According to reports, hackers linked to North Korea’s Lazarus Group are behind a huge phishing campaign that targeted NFT investors. They used nearly 500 phishing domains to fool victims.
SlowMist, a blockchain security firm, released a report on Dec. 24 that revealed the methods North Korean Advanced Persistent Risk (APT) groups use to seize NFT investors. This included decoy websites disguised under a variety of NFT-related projects and platforms.
These fake websites include sites that pretend to be associated with the World Cup and sites that impersonate well-known NFT marketplaces like OpenSea, X2Y2, or Rarible.
One method was to have these decoy websites offer “malicious Mints.” This involves tricking victims into believing they are creating a legitimate NFT by linking their wallets to the website. The NFT is fraudulent, and the victim’s money is now at risk.
It was also discovered that many of these phishing sites are operating under the same Internet Protocol. There were 372 NFT websites operating under one IP and 320 other NFT websites associated with another IP.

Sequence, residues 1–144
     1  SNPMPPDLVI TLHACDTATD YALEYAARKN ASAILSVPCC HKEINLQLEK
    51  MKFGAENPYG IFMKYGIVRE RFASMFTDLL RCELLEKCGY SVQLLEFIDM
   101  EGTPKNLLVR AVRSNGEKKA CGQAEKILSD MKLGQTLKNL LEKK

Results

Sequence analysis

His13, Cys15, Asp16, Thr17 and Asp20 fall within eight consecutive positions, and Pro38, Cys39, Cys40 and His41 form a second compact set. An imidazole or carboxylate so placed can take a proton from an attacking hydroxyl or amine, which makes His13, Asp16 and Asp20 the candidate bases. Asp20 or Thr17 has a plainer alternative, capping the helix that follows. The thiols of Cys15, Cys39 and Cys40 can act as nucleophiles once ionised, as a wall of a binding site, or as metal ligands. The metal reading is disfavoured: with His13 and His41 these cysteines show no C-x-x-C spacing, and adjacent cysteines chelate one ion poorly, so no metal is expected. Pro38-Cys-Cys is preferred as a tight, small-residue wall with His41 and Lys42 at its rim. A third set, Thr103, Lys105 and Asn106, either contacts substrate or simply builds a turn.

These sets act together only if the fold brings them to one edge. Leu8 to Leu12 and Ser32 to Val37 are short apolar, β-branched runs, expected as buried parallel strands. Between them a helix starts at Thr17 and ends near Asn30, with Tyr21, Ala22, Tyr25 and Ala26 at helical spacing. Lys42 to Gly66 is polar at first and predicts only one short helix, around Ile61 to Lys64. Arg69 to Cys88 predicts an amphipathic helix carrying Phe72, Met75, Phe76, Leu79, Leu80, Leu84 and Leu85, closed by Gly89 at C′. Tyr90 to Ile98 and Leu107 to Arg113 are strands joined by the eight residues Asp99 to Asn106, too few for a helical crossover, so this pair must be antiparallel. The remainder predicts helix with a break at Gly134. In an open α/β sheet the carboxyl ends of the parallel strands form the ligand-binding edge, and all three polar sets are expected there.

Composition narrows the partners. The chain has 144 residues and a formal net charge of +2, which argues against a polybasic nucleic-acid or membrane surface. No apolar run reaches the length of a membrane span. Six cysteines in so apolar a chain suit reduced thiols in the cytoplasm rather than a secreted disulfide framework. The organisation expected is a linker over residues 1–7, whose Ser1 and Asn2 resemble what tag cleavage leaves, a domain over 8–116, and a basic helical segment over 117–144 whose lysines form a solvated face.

The phishing campaign has been ongoing for several months. It also noted that the oldest domain name registered was seven months ago.
Another phishing tactic was to record visitor data, save it to external sites, and link images to target projects. Once the hacker had obtained the visitor’s data, they would run several attack scripts against the victim.
This would give the hacker access to the victim’s authorizations, access records, and use of plug-in wallets, as well as sensitive information such as the victim’s approved record, sigData, and authorized record.
This information allows the hacker to access the victim’s wallet and expose all their digital assets. This was only the tip of the iceberg, as the analysis only examined a small number of materials and “some” of North Korean hackers’ phishing characteristics.
A single phishing address could gain 1,055 NFTs and 300 ETH through its phishing techniques. This is worth $367,000. The report also stated that the Naver Phishing Campaign was carried out by the same North Korean APT group previously documented on Mar. 15.
In 2022, various cryptocurrency theft crimes were committed in North Korea. According to South Korea’s National Intelligence Service (NIS), North Korea stole $620 Million worth of cryptocurrency this year.
Japan’s National Police Agency warned crypto-asset companies in October, advising them to be careful of the North Korean hacking group.